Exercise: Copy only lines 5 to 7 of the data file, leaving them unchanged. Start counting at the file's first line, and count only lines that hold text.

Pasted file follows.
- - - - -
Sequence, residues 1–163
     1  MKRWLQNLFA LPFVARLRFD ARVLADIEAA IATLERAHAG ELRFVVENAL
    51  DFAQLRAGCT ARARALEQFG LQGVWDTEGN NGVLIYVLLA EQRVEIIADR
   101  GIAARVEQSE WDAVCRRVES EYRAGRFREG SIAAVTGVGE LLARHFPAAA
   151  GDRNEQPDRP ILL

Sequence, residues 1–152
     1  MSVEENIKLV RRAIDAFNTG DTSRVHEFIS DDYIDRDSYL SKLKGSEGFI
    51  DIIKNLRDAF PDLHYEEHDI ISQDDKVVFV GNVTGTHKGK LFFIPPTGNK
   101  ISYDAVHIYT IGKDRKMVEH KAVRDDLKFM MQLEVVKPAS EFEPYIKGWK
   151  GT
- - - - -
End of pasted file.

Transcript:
   151  GDRNEQPDRP ILL

Sequence, residues 1–152
     1  MSVEENIKLV RRAIDAFNTG DTSRVHEFIS DDYIDRDSYL SKLKGSEGFI